Capitalising on its strengths in the mining industry, Western Australia is to be the headquarters of a national consortium to develop remote and robotic technologies for space exploration.
That could mean WA-developed technology mining for water on the moon and eventually Mars.
The state government has secured Perth as the headquarters for AROSE – the Australian Remote Operations for Space and Earth group – which is expected to play a leading role in Australia’s part in the NASA moon to Mars partnership.
The industry-led, not-for-profit consortium will position Perth as a global centre for remote operations in space and enable West Australian industry and universities to bid for space exploration projects, including NASA's Lunar Gateway.
WA sees a big future for the state in the space sector. Consultant PwC estimates that AROSE could inject about $200 million per year into local economy and support 1,500 WA jobs in five years.
The state government has invested $1.5 million into AROSE, which is being led by founding partners Woodside, Fugro, Nova Systems, Curtin University and the University of Western Australia.
Science and Innovation and ICT Minister Dave Kelly said the government was seizing the opportunity to take part in the next-generation space race, delivering on a commitment to diversify the economy and create more jobs.
"Our investment to make Western Australia the home of AROSE is set to turn us into a global centre for remote operations in space,” he said.
"As the world-leader in autonomous and remote operations and a participant in the space industry for more than 60 years, WA is primed and ready to contribute to the Australia-NASA moon to Mars partnership.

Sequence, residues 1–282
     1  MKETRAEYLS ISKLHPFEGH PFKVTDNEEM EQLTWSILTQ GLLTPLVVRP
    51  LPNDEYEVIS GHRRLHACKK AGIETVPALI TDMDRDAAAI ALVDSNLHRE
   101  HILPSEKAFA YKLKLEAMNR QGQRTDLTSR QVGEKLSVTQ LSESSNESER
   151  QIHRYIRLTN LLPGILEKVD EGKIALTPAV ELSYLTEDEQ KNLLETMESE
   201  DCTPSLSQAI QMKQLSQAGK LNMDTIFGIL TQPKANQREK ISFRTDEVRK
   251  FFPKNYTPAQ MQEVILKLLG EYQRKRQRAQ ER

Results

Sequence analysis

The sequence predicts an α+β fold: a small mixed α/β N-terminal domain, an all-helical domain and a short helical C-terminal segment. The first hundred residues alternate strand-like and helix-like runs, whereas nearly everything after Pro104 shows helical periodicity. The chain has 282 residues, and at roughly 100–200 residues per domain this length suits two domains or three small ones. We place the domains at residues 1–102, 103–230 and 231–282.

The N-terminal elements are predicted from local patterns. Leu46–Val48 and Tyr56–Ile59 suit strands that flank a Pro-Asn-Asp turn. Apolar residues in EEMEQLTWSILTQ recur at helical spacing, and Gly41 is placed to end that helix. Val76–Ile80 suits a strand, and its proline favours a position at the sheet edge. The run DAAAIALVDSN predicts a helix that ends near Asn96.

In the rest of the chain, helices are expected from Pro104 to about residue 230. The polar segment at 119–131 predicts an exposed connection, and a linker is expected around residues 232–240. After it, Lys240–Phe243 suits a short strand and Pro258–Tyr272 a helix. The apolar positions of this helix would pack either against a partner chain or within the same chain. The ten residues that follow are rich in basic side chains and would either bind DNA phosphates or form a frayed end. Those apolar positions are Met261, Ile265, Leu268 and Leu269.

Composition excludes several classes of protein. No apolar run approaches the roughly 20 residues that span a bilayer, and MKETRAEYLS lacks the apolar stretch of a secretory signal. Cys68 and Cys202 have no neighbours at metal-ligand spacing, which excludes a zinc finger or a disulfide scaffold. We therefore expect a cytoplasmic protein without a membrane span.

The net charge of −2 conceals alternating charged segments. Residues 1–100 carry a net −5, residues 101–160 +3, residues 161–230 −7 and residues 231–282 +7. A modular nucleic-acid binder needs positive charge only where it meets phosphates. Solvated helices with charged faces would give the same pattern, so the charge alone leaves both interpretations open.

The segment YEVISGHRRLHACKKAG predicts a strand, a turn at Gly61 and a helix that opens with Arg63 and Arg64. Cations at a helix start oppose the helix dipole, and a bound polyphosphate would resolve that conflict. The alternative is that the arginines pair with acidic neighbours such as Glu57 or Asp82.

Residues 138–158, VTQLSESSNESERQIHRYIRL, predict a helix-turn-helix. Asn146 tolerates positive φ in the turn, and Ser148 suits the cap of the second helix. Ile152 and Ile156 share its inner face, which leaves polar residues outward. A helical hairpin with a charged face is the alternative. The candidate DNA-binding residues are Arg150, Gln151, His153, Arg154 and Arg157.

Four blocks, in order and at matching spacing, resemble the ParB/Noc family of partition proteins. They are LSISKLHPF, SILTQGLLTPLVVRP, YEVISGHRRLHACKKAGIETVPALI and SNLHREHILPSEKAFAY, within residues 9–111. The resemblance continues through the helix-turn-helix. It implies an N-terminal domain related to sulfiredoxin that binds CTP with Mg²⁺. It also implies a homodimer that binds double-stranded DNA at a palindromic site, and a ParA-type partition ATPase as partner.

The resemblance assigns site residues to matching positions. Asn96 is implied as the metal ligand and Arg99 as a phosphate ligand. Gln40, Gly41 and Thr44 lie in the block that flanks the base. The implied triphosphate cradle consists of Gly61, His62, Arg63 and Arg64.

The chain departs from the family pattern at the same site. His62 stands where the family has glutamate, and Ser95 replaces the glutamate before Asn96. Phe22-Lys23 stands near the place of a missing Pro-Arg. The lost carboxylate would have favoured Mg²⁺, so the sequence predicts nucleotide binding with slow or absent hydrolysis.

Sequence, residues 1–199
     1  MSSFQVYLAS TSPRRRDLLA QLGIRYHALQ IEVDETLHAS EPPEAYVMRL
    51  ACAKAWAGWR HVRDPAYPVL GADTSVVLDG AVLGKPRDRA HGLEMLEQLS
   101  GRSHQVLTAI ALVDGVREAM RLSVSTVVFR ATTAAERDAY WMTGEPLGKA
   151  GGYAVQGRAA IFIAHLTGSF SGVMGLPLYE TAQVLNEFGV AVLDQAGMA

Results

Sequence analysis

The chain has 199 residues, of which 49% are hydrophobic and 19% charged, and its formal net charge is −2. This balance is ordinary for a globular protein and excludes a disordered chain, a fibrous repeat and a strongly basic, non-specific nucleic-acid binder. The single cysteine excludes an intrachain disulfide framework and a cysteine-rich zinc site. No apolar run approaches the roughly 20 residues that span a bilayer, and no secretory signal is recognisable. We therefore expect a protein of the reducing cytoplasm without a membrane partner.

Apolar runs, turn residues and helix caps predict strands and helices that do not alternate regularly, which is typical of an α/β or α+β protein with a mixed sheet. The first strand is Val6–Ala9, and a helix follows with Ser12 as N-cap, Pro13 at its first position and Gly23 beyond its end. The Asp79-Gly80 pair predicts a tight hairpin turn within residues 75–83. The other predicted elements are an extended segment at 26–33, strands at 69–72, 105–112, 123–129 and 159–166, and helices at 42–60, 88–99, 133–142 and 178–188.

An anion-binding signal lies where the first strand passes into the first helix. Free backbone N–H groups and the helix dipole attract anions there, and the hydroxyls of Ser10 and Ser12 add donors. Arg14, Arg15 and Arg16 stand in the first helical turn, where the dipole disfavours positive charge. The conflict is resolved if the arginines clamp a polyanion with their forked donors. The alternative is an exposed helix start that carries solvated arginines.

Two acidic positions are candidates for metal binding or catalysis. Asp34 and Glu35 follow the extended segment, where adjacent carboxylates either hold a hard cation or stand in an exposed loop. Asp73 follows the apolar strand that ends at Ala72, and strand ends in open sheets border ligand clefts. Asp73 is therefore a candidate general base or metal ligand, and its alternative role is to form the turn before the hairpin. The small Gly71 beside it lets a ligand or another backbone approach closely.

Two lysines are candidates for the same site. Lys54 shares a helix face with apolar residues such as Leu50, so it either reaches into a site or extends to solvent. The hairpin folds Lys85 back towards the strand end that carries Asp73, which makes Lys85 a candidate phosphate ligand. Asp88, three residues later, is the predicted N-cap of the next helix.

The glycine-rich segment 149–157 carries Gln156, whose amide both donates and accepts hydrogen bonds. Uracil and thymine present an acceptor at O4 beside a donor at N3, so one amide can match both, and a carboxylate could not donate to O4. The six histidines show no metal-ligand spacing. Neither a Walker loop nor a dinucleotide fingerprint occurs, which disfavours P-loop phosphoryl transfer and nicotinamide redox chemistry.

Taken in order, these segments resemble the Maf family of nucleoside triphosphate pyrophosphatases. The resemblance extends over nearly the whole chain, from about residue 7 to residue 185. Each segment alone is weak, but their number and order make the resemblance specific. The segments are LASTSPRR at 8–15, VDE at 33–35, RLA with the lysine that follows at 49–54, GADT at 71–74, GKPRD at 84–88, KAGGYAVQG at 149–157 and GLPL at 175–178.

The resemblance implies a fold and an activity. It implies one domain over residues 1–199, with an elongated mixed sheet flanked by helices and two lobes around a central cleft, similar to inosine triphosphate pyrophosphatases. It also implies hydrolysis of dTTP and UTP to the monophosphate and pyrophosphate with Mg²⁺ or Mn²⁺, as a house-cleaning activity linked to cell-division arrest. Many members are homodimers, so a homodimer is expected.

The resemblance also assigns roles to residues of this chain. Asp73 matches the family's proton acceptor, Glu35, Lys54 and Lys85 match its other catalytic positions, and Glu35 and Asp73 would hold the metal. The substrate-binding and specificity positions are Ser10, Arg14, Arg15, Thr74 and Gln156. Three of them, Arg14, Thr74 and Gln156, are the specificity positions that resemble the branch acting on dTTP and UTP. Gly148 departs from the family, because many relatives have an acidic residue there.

"What AROSE will do, is take the world-class technology already utilised in Western Australia and adapt it for remote operations on the moon, Mars and beyond.”
Minister Kelly said that would unlock new opportunities for WA businesses to participate in global space supply chains and ensure local businesses secured contracts in international space initiatives such as NASA's Lunar Gateway and project Artemis.
"By leveraging our world-class expertise, this consortium will see Western Australia take part in the global space economy, which was valued at US$350 billion in 2018 and is expected to grow to US$1.1 trillion by 2040," he said.
The AROSE consortium aims to capitalise on the WA resource sector's global lead in autonomous and remote operations to develop technologies and services for space that will benefit future exploration, such as mining for water on the moon.
Developments in these technologies will also be useful on Earth.
PwC’s economic modelling estimates that in five years the remote operations opportunities derived through AROSE will improve WA's economy by $196 million on an annual basis and create 1,540 jobs.
The adoption of digital and automation technologies in the mining, oil and gas sectors has the potential to add $74 billion to the Australian economy and create 80,000 new jobs by 2030.
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